how did a mountain get into the middle of my swamp?

This has been one of those weeks – and it’s only Wednesday – where I struggle to figure out what day it is. I was already confused Sunday, which I was pretty sure was Saturday and then Dad’s home worker came on Tuesday when she normally comes on Thursday. And it wasn’t helped by my falling asleep when I laid down for a while after dinner because my back was hurting and woke up two hours later. 8:00? That’s too early to get up, I want to sleep a while longer. Why am I still dressed?

So I bring you Sunday Thoughts on Wednesday.

I ran across a Canadian show on Netflix a while ago called Being Erica which is kind of a strange show where Erica meets Dr. Tom who sends her back in time to learn from her regrets. It has some interesting ideas but also tends to be a little too fatalistic at times. But sometimes she learns that something she blamed herself for was not really her fault – or at least nothing she could have done differently would have changed the outcome. In season three, things change up a little and she starts group therapy. Now other patients are time traveling to their regrets and the group helps each other learn from their experiences.

Which brings us to season 3, episode 8 where Dr. Tom says this to Adam:

You keep seeing the mountain. All the reasons, all the excuses, all the obstacles that are telling you that you can’t do it. You just keep piling them on, making the mountain bigger and bigger when perhaps what you really need to do is just climb it.

And that is so me. That’s what I do, isn’t it? I see the mountain and it’s really big and scary and just too hard. So I stand there piling more rocks on the mountain. It gets bigger and scarier, at least in my mind. It isn’t just that I don’t take the first step in that thousand mile journey, it’s like I’m walking backwards and getting further away because going forward is too hard. Or the flood waters keep getting deeper while I wait for them to recede.

Do we need any more metaphors?

Starting is always the hardest part. There will always be reasons to postpone. Tomorrow, after all, the mountain may fall down by itself. I’ve waited so long maybe it’s too late. I’m too tired. And sometimes I wish I could be comfortable just living on this side of the mountain. Who knows what is on the other side of the mountain? I’ve been disappointed before, there is not always better than here.

But I’ll never know unless I start.

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8 thoughts on “how did a mountain get into the middle of my swamp?”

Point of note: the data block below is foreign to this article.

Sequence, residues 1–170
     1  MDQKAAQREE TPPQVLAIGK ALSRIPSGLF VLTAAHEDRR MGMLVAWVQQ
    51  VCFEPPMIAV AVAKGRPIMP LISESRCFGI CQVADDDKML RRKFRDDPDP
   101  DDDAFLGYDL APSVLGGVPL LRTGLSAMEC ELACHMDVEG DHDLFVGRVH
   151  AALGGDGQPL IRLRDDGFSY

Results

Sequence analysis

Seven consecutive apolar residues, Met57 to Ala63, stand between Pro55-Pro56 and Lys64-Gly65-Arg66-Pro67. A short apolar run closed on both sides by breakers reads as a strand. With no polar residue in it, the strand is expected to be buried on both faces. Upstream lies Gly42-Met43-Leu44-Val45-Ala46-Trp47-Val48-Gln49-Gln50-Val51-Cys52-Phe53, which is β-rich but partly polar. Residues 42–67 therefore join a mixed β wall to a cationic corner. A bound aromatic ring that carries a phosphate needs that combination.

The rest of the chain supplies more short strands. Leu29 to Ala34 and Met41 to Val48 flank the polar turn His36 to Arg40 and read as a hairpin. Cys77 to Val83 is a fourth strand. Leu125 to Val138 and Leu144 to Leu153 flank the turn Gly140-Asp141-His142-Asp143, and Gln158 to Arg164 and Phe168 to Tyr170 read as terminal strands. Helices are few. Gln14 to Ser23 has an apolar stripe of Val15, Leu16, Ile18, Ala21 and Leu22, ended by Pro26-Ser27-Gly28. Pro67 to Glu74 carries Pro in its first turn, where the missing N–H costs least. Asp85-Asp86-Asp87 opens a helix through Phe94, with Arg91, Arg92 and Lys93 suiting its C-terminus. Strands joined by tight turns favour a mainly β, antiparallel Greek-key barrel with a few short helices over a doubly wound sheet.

1. I hear ‘ya sister. I’m the same way. I dislike starting anything until I have it all planned, which is, of course, impossible. I often say that I don’t have an impulsive bone in my body. So for me to jump right into things is almost unheard of.

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  2. I’ve been climbing the mountain for two years now and today my husband has decided he is done, although we haven’t talked to the oncologist or our family yet. I’m scared!! I don’t know what happens next. 😦

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    1. I’m so sorry Margaret. I guess you have to know when the mountain you’re climbing is not right for you – and when to rest. That’s really horribly hard. I know that it’s coming here eventually but I think it will be more of a release for Mom and Dad. Still scary but not the same. Thinking of you and wishing you peace and love.

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  3. I have a post-it note on my monitor that says “Just START!”

    I am a master of procrastination, especially when I’m not exactly clear on a task or project. I need a reminder that if I just start, I can often get a better idea of what I need to do.

    So – that’s my long-winded way of saying that it all starts with the first step, and sometimes your path up the mountain may feel more sideways than vertical. Don’t stop, just keep moving. Even if you have to take two steps back for every three forward, you’re still going in the right direction.

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    1. Very true Scott. I think it’s easier to keep moving once you get moving, too. That whole inertia thing. A Zaz at rest tends to stay at rest.

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